Applications to study at tertiary education institutions across the province have spiked reaching up to 360 000 at one institution which had limited study spaces available.
Following a high matric pass rate of 80.1%, the number of applications for those eligible to study at institutions of higher learning also rose.
This week the National Student Financial Aid Scheme (NSFAS) said it was all systems go for funding for eligible students and the budget now was at R47.6 billion.
Universities would receive R38.6 billion while R8.9bn was allocated to Technical and Vocational Education Training (TVET) colleges.
Some universities said they were also prepared to meet the accommodation needs of first-year students who had started pouring in this week.
The Cape Peninsula University of Technology (CPUT) said of the 360 000 applications received, it could offer just under 9 000 first-year students places.
CPUT spokesperson Lauren Kansley said the institution would be able to offer accommodation to 43% of its student population compared to last year’s 39.8%.
“We have a surplus of residence spots available,” said Kansley .
She added that the institution had about 18 500 beds and if the need arose, students would be accommodated at accredited facilities with existing relationships with the university.
At UWC, up to 100 000 applications for first-year places were received for only 4 500 available spaces.
UWC spokesperson Gasant Abarder said the institution had increased its bed capacity from 3 300 to 6 000.
“Our 2 700-bed capacity Unibell student residence will be available to accommodate students this year ... all available space will be used,” said Abarder. He added that should there be extra demand, the university would explore other options to secure additional accommodation.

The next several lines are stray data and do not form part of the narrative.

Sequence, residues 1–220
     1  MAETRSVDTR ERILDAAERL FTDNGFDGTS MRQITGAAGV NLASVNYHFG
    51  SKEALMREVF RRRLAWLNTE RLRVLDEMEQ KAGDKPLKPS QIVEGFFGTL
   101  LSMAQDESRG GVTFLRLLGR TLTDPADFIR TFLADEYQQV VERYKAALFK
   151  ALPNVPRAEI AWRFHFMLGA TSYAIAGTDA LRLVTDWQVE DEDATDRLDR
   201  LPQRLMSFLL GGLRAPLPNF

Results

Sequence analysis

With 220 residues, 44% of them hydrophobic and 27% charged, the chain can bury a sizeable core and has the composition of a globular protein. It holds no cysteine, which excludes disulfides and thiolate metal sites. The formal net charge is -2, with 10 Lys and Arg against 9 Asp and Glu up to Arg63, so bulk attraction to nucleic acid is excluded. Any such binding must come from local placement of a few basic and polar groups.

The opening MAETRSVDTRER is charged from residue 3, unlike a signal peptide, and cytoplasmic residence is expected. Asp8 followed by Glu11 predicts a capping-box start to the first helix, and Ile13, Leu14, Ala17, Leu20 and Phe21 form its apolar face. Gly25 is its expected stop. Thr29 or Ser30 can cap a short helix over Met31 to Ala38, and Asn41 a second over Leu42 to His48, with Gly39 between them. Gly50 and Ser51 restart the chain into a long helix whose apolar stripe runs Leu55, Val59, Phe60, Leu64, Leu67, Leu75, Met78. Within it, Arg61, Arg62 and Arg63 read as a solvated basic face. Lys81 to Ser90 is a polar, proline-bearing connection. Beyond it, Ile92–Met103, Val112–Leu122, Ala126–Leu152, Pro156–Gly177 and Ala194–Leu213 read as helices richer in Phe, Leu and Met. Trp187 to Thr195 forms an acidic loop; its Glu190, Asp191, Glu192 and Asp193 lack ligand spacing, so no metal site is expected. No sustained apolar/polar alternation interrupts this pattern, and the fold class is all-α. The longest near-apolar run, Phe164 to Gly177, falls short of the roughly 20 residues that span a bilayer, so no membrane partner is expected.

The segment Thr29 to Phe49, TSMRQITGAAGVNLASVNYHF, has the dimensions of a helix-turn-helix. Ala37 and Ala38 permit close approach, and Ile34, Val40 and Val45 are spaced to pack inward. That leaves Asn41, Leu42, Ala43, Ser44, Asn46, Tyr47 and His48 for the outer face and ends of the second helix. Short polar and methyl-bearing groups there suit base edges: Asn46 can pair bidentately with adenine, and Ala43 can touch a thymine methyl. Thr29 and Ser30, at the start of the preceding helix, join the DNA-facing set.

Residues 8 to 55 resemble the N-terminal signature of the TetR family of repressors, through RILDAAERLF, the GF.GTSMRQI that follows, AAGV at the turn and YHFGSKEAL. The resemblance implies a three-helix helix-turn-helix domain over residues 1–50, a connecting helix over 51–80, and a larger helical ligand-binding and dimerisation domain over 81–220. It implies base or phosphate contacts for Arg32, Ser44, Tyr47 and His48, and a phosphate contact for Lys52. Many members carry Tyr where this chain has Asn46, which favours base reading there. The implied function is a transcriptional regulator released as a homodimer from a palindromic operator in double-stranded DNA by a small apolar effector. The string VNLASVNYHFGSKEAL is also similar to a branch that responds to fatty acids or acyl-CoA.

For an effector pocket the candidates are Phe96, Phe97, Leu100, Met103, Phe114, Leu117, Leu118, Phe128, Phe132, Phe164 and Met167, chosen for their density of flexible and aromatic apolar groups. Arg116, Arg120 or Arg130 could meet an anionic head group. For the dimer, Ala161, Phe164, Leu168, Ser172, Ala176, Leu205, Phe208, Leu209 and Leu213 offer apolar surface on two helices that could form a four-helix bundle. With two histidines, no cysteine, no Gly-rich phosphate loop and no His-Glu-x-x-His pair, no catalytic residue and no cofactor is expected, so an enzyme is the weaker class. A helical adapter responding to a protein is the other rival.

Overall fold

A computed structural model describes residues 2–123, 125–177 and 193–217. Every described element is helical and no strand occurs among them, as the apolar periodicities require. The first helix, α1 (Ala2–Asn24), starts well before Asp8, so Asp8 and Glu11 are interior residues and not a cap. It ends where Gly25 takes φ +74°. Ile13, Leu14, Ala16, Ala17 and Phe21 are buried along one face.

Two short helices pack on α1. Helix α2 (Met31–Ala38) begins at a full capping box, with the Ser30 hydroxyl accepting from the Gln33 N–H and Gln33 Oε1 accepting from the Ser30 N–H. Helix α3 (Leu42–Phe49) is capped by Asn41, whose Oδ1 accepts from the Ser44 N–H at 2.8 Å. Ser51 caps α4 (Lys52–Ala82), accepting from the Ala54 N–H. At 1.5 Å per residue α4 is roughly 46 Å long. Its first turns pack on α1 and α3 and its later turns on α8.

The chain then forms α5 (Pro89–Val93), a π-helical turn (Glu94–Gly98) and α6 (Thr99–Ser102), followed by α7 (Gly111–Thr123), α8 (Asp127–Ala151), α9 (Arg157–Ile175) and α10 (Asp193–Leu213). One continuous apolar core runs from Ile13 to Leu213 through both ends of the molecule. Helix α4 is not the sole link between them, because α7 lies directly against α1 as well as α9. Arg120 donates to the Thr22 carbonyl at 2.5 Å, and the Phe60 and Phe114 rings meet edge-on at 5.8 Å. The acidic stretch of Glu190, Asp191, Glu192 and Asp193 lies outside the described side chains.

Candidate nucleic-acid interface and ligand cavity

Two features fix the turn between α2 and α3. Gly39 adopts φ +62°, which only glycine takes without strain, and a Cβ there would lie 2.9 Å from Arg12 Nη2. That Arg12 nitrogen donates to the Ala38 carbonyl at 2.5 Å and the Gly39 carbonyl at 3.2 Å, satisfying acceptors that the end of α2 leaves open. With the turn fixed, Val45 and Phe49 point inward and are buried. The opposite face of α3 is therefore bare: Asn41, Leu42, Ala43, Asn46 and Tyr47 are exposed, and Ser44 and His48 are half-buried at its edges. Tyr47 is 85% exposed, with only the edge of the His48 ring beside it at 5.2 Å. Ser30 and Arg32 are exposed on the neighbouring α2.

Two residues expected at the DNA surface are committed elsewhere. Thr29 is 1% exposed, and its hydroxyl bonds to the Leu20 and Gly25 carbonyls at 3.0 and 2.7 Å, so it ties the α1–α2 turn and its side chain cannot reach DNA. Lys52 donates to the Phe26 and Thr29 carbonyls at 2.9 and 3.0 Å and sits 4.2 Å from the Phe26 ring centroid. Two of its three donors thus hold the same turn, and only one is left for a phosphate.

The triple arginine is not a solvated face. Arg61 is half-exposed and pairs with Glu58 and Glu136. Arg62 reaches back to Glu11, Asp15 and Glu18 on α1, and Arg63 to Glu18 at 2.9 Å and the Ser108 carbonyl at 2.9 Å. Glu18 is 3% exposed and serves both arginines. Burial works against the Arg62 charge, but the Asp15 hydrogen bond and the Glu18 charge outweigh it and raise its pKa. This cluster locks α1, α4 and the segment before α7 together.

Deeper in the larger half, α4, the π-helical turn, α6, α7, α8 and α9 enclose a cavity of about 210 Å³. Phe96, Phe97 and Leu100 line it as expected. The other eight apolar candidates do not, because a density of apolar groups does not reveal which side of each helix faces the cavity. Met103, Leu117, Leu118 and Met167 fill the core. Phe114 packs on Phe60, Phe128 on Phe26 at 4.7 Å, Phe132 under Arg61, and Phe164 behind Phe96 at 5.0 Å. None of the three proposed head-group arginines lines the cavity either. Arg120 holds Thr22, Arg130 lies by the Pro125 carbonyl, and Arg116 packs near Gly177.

UCT also increased its accommodation capacity in 2021 when it opened the Avenue residence.
Said UCT Spokesperson Elijah Moholola, “ Students who have not received residence offers are assisted with securing off-campus accommodation”.
Stellenbosch University (SU) also recorded a high number of applications and accommodation this year.
Spokesperson Martin Viljoen said the university received about 73 000 first-year applications for undergraduate programmes and made approximately 12 000 conditional offers.
“SU can enrol approximately 5 615 first-year undergraduate students and almost 15 000 first-year applications for residence.
“We can accommodate approximately 2 000 first-years in residence beds. However, we have private accredited accommodation available to cover the shortfall,” said Viljoen.
However, plans by NSFAS to take over the administration of student accommodation this year had yet to materialise.
All universities confirmed that they would handle the accommodation and would receive funding from NSFAS for eligible students.
The South African Union of Students said it was happy with the readiness of institutions and the increase in student allowances.
Through its Sizofunda Ngenkani campaign, the EFF Student Command was on hand to help students on campuses to deal with challenges.
Secretary-general Zwangu Dambo said one of the student body’s plans was to focus on the safety needs of students.
“In some areas, student accommodation is far from the campus, thus putting students in danger,” he said.